Best of HigherEDge, first published on December 13, 2013
If you’ve followed our blog for any period of time, you’ll note that I’m a fan of asking good questions. It’s an essential part of leading effectively. While I don’t always succeed in asking the right question at the right moment, I’m always working at that particular skill. The post below from my colleague Dee Anne Bonebright challenges leaders to ask thought-provoking questions that will generate productive dialogue. – Anita Rios
In my last post, I talked about the importance of asking good questions. This can seem obvious, but I’ve found it to be very difficult in practice. As leaders, it’s easy to believe that we are asking thought-provoking questions, while in reality others see them differently. How often have you heard people say “He asked for our opinion, but I know the decision was already made.”
Asking powerful questions is one of the most effective ways to involve stakeholders in decisions that affect them, and to increase buy-in to the decision once it’s made. As I’ve been learning more about the art of asking questions, a colleague shared an excellent resource created by the World Cafe and Pegasus Communications: The Art of Powerful Questions. I highly recommend the entire article. As a sample, here are some questions they recommend to help leaders frame questions that will generate productive dialogue:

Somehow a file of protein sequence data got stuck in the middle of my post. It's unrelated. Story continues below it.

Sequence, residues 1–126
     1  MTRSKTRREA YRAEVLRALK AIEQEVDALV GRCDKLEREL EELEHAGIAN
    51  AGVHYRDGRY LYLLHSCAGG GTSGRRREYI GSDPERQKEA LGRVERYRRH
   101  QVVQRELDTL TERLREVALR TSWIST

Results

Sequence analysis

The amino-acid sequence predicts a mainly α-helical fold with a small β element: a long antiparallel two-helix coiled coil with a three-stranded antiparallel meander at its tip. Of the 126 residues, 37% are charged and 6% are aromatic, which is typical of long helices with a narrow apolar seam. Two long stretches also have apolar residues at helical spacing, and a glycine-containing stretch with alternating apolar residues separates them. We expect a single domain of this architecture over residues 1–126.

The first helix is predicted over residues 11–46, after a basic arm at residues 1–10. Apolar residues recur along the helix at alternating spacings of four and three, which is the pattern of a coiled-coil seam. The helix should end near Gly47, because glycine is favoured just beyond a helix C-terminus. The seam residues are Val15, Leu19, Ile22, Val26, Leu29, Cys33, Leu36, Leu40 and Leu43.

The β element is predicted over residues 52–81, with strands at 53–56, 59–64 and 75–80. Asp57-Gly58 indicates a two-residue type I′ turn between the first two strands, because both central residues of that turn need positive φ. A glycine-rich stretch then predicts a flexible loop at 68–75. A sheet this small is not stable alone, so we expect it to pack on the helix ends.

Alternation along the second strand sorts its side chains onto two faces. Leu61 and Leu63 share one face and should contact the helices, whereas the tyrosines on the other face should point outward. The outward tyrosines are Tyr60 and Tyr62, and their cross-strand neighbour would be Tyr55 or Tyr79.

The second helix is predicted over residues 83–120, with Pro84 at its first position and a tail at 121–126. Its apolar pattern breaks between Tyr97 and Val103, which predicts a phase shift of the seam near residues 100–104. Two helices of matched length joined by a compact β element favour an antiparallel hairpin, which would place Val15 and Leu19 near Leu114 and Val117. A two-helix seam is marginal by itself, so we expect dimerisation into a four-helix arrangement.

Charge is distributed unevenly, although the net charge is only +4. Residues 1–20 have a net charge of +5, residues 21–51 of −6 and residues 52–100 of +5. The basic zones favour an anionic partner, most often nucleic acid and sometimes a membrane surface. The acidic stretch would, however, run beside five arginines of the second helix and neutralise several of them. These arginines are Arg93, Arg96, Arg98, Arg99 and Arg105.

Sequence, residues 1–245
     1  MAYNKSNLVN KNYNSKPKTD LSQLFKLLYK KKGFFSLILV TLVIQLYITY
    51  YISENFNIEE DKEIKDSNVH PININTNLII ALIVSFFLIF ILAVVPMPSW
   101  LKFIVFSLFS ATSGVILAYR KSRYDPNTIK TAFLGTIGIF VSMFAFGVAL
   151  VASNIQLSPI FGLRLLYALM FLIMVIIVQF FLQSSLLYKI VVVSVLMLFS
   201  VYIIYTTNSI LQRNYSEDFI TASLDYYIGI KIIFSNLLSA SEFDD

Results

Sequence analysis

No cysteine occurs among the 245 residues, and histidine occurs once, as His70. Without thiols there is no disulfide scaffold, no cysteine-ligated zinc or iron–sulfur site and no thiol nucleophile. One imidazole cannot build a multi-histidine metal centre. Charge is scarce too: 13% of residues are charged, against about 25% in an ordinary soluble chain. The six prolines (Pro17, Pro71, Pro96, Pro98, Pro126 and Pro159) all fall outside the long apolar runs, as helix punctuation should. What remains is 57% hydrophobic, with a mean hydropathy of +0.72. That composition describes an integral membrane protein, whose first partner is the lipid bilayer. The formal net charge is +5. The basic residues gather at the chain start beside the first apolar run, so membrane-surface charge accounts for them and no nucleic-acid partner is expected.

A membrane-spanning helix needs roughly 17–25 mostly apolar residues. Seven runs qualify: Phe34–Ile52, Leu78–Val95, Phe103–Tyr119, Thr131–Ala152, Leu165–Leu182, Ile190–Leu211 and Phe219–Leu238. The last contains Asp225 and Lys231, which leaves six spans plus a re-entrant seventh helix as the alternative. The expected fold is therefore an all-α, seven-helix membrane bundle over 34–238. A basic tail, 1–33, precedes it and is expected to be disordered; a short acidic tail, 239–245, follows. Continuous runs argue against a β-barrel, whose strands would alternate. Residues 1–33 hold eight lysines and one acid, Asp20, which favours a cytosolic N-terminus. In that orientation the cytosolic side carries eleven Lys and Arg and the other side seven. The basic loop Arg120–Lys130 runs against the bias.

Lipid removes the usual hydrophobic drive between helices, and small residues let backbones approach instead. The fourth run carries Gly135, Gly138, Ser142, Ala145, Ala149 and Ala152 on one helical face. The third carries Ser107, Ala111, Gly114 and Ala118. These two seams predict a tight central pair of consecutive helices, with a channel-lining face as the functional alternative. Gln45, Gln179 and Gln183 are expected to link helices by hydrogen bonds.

- Is this question relevant to the team’s goals?
- Do I genuinely not know the answer?
- What do I want to happen as a result of the question?
- Is the question likely to generate new trains of thought or new directions?
- Is this question likely to generate creative action?
- Is it likely to generate more questions?
As I prepare to lead meetings, I’ve been challenging myself to be intentional about the questions I’ll ask. It really makes a difference in what I bring to the table and in the outcomes that are generated.
Einstein is supposed to have said that if he had only one hour to solve a life-threatening problem, he’d spend the first 55 minutes forming the right question, because then the problem could be solved in the remaining 5 minutes. How much time do you typically spend forming the right question?
–Dee Anne Bonebright